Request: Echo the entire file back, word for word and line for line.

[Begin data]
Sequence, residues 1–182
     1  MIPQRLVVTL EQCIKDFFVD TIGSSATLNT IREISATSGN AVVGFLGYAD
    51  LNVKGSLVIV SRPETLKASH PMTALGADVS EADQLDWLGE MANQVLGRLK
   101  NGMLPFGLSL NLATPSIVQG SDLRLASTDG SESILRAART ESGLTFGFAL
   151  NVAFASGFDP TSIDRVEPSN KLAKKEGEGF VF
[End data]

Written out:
Sequence, residues 1–182
     1  MIPQRLVVTL EQCIKDFFVD TIGSSATLNT IREISATSGN AVVGFLGYAD
    51  LNVKGSLVIV SRPETLKASH PMTALGADVS EADQLDWLGE MANQVLGRLK
   101  NGMLPFGLSL NLATPSIVQG SDLRLASTDG SESILRAART ESGLTFGFAL
   151  NVAFASGFDP TSIDRVEPSN KLAKKEGEGF VF